A New York lawmaker has proposed a bill that would permit terminally ill patients to commit suicide with the assistance of a doctor. If passed, New York would become the fifth state (joining Oregon, Washington, Vermont, and Montana) to legalize physician-assisted suicide.
The bill was proposed by Democrat Representative Brad Hoylman:
The individual would have to make written and oral requests to a physician, and follow up with another verbal request at least 15 days later. The patient also must be deemed capable of making and communicating health care decisions, meaning advanced Alzheimer’s patients wouldn’t qualify.
In other states, a person is given a fast-acting lethal barbiturate. Hoylman’s proposal does not yet specify a method of suicide.
But doctors assisting in a suicide would be immune from criminal or civil liability if they acted in good faith.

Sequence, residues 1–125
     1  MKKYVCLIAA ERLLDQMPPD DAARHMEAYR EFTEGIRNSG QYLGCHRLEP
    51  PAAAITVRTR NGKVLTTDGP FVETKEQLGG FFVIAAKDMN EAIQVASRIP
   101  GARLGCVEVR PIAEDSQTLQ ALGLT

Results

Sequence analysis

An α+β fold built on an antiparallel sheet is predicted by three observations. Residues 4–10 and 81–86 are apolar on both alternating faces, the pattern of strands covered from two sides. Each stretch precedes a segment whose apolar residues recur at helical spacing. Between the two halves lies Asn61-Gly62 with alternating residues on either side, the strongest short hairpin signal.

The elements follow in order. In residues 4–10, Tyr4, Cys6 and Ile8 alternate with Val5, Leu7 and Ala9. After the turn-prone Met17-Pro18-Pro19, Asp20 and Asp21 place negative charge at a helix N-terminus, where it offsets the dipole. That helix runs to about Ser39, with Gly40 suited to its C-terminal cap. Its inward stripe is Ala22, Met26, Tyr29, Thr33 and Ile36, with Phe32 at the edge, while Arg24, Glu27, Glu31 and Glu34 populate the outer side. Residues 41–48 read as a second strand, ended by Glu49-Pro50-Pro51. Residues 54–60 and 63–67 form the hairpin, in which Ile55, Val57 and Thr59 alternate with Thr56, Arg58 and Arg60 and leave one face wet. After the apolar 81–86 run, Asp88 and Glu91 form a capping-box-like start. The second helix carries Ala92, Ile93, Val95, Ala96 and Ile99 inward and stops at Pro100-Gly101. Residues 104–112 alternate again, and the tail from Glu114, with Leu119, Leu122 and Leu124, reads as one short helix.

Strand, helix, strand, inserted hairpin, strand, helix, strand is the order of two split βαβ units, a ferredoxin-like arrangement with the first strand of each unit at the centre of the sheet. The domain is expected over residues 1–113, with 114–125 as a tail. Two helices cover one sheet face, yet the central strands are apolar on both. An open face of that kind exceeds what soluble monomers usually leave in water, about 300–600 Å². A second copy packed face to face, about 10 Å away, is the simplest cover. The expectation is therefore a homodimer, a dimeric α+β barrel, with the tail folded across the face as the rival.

Hoylman cited Brittany Maynard, a cancer-stricken woman from California who killed herself on November 1 with the help of a physician in Oregon, as part of the reason for proposing the bill. Maynard became the face of the “death with dignity” movement after a YouTube video detailing her desire to end her life was released.
The bill is reportedly “unlikely” to become law.
It saddens me that people are seeking to legitimize “death” as a treatment option for the terminally ill. The terminally ill should be treated with respect, not being encouraged to just die quickly.
LifeNews Note: Christine Rousselle is a web editor with Townhall.com.